Anyway, he put the moves on this woman, and after the two hooked up he reveled his true self, that of a typical demon, horns and all. Of course the woman was less than happy. I guess insane and suicidal would be more accurate descriptions of her mind state. But before she could actually kill herself she was wisked to another dimension, called Azarath. This peaceful place mellowed her out, and nine months later she had a daughter. The natives called the woman Arella and she named the baby Raven.

Raven was shunned by the people of Azarath, but taken in by Azar, a goddess. The goddess taught Raven the secret of inner peace and how to use the powers that she was born with. But as usually happens, with great powers comes great responsibility. Raven had to remain emotionless. If she ever lost control of her emotions especially anger or passion Trigon would take over her body.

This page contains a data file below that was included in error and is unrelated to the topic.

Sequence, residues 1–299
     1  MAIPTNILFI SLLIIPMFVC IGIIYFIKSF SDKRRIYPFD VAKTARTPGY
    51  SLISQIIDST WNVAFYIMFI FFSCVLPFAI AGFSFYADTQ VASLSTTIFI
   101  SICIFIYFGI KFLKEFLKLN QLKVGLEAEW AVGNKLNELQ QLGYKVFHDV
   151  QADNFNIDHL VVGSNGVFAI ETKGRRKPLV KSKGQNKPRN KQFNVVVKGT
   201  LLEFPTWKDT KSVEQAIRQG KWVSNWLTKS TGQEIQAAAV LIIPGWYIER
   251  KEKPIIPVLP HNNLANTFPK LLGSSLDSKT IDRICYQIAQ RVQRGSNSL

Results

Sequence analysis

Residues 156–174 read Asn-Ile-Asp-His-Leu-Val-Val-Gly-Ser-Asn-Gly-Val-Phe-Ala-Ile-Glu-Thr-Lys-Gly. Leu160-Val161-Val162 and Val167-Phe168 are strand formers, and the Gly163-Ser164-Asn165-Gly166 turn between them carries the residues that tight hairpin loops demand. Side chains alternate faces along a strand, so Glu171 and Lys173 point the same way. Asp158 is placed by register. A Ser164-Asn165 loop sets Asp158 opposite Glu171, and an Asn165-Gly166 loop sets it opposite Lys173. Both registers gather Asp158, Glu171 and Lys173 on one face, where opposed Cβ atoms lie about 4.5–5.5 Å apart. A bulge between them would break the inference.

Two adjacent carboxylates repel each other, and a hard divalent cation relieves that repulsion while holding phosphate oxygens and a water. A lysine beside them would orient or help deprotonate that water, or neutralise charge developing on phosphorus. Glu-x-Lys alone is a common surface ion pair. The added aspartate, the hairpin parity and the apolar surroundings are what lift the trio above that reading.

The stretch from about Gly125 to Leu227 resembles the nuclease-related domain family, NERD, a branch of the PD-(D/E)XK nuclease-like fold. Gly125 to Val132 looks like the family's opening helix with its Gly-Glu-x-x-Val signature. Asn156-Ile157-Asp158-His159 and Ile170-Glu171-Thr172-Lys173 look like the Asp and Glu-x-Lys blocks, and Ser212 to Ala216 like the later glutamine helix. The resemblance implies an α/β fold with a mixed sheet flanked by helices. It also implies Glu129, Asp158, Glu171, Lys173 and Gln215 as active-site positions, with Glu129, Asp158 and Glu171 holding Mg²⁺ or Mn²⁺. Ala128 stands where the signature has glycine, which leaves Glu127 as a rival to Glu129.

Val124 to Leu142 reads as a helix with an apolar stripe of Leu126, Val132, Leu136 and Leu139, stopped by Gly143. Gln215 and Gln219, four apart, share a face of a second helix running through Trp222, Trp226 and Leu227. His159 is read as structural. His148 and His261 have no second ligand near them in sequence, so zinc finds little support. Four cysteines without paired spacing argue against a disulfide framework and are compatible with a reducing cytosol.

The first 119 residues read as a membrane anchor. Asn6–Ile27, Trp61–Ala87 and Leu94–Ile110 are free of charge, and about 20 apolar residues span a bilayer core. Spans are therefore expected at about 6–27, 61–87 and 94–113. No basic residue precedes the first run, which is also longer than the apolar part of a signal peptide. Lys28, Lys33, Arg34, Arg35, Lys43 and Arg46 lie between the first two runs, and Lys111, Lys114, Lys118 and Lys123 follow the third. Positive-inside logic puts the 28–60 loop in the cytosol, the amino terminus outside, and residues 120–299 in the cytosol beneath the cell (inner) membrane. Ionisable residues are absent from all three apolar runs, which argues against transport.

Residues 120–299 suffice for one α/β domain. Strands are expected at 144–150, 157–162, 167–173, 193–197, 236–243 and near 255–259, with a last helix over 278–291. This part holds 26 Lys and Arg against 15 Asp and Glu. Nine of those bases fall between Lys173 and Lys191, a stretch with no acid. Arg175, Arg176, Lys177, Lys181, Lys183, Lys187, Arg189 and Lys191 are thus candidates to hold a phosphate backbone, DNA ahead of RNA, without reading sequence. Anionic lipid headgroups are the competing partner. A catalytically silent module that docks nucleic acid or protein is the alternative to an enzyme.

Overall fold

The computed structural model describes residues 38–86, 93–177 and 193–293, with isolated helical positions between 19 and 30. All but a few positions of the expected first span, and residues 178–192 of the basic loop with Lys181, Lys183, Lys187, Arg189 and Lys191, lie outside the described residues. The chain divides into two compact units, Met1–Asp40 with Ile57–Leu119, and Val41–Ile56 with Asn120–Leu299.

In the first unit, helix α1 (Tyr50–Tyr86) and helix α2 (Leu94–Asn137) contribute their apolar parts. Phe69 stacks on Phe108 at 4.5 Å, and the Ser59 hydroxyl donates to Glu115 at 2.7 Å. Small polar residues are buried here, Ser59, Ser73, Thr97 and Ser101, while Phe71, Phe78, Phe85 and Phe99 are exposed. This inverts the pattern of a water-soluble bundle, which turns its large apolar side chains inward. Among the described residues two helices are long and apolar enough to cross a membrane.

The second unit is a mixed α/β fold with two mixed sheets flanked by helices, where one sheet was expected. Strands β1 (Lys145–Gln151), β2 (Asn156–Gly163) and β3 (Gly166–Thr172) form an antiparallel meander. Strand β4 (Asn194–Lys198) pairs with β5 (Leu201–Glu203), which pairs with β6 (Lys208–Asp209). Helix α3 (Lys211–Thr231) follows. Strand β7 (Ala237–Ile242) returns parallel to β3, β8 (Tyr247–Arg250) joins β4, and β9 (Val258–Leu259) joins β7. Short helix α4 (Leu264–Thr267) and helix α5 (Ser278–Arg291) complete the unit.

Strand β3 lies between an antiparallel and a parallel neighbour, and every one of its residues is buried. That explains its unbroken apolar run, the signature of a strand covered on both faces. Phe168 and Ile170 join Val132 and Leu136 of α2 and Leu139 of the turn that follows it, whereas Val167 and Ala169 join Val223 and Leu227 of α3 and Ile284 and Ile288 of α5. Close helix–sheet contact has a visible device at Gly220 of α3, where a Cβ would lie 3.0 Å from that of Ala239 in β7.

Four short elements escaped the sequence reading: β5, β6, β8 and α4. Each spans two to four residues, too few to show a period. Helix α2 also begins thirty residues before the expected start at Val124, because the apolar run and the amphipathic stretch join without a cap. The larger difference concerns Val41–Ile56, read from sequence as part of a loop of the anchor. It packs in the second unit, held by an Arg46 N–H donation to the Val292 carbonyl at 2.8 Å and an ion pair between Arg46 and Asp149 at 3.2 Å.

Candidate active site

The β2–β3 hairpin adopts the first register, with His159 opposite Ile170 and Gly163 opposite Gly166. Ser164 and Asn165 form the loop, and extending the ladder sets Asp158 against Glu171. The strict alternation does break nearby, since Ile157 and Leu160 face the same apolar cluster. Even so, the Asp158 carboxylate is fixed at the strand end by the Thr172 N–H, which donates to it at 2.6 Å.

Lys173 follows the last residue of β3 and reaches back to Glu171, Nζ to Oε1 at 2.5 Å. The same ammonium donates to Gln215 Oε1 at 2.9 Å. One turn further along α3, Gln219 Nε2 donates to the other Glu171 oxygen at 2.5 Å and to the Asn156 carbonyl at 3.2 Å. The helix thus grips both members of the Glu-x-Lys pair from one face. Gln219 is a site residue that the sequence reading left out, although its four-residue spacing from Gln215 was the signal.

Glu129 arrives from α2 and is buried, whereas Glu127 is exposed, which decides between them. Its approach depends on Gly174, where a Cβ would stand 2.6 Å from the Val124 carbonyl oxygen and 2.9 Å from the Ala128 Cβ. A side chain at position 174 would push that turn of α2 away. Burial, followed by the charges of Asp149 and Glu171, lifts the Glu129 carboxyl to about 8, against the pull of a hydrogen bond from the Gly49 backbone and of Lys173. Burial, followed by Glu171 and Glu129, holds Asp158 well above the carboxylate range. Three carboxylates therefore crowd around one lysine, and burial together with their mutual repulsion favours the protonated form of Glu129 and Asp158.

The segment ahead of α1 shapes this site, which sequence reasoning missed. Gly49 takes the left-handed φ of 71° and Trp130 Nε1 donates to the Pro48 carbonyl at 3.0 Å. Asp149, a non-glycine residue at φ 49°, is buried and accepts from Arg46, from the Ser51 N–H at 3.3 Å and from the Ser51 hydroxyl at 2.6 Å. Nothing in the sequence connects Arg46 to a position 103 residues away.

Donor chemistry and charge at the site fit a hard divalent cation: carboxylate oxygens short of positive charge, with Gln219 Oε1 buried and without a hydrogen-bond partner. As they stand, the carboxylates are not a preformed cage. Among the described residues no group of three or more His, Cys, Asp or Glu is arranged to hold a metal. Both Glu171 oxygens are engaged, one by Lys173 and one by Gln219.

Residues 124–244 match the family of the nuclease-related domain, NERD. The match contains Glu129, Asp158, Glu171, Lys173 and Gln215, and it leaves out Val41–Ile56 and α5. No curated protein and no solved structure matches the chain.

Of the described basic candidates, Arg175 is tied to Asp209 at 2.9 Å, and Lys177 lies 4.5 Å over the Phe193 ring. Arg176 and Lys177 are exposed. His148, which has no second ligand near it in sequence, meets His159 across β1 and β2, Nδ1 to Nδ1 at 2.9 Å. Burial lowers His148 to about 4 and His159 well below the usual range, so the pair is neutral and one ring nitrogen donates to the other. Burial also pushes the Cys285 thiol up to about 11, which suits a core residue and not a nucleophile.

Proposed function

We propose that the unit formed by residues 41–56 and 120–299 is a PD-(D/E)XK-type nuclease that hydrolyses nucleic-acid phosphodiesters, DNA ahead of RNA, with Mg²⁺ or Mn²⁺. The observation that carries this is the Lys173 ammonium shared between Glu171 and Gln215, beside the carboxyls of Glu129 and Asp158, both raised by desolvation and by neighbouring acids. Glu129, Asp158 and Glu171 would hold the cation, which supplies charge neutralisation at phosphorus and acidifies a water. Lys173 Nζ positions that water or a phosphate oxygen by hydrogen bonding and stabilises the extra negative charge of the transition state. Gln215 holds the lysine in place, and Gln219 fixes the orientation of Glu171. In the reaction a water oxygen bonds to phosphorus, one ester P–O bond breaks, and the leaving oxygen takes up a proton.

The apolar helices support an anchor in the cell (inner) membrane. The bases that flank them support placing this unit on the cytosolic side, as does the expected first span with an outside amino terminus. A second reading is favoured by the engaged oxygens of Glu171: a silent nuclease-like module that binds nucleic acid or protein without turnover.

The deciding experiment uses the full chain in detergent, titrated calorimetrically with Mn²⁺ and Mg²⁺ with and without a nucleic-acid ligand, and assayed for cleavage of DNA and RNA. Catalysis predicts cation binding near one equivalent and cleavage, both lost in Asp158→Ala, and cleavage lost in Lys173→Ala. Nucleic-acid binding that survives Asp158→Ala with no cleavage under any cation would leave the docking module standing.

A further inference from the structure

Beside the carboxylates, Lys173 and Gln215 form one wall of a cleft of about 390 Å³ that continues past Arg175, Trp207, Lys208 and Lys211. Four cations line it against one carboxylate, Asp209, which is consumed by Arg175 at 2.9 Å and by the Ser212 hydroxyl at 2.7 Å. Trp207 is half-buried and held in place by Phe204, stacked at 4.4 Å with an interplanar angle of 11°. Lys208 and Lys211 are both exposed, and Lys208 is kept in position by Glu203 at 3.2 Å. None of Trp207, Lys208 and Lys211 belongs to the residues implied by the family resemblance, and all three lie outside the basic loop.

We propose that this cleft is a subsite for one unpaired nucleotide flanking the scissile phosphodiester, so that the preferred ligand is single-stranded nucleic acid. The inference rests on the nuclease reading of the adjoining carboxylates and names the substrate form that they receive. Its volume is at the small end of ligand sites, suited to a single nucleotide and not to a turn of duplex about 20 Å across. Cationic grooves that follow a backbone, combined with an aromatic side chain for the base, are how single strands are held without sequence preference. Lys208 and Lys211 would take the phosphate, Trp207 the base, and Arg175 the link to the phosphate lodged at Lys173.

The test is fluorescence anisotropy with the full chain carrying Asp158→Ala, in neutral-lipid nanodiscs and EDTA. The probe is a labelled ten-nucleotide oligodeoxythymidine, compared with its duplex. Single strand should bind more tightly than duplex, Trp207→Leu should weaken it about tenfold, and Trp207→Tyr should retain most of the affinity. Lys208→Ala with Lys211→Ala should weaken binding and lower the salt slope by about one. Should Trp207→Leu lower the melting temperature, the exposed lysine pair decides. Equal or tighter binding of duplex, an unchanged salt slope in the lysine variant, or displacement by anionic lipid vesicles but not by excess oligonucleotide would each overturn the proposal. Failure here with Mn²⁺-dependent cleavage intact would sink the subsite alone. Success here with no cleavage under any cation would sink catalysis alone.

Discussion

Trigon would tempt Raven throughout her life, but she remained in control. When she learned of his plan to attack Earth she left Azarath, to inform Earth’s heroes of the impending doom. This would lead to the recreation of the Teen Titans. She has battled her pops many times. Sometimes she won; sometimes she lost, and then won. Eventually his power over her overwhelmed her bringing her in conflict with her fellow Titans. She messed up some lives and possessed others. In that final confrontation she lost her physical form, and is now only soul. She was recently spotted in the Teen Titans. You can read all about her in “The Terror of Trigon” trade as well as in the New Teen Titans series. She also had very good story in Legends of the DC Universe #18. B, did I get everything? (To flesh out the details a bit, she’s officially battled her old man twice. At the beginning of the first series of New Teen Titans, the good guys won, but Arella got stuck in another dimension guarding Trigon. At the beginning of the second volume, Trigon came back for more and took over Raven, making her evil, destroying Azareth and nearly Earth in the process. The Titans, Arella & Lilith eventually defeated four-eyes, but not without Raven seemingly sacrificing herself in the process. When she came back, it was under the control of Brother Blood, but the Titans eventually saved her, and for the first time ever, she was able to explore her emotions without worrying about unleashing Trigon, who seemed to die with her. But the souls of the once nice folks from Azareth turned nasty and possessed Jericho, turning him evil, leading Deathstroke to “kill” him, which we recently learned didn’t take, then the souls hopped into Raven, destroying her body. Ok, it gets more complex…Raven took over the body of some other chick, still under the influence of the “evil souls of Azareth” and fought her old buds the Titans a few times. In the end, the Titans beat Dark Raven and her body was destroyed again; in the process, it was discovered that it wasn’t the souls of Azareth possessing her, but the remnants of Trigon, who, again, seemed to be destroyed. For awhile, Raven was just a soul, but a good one, with no body…now she’s reappeared, new body again, and seemingly tied to Brother Blood again, but a new one. Also, she’s absorbed the consciousness of Jericho into her soul self after he came back through his father, Deathstroke, and tried to kill the newest group of Titans. Phew. -B)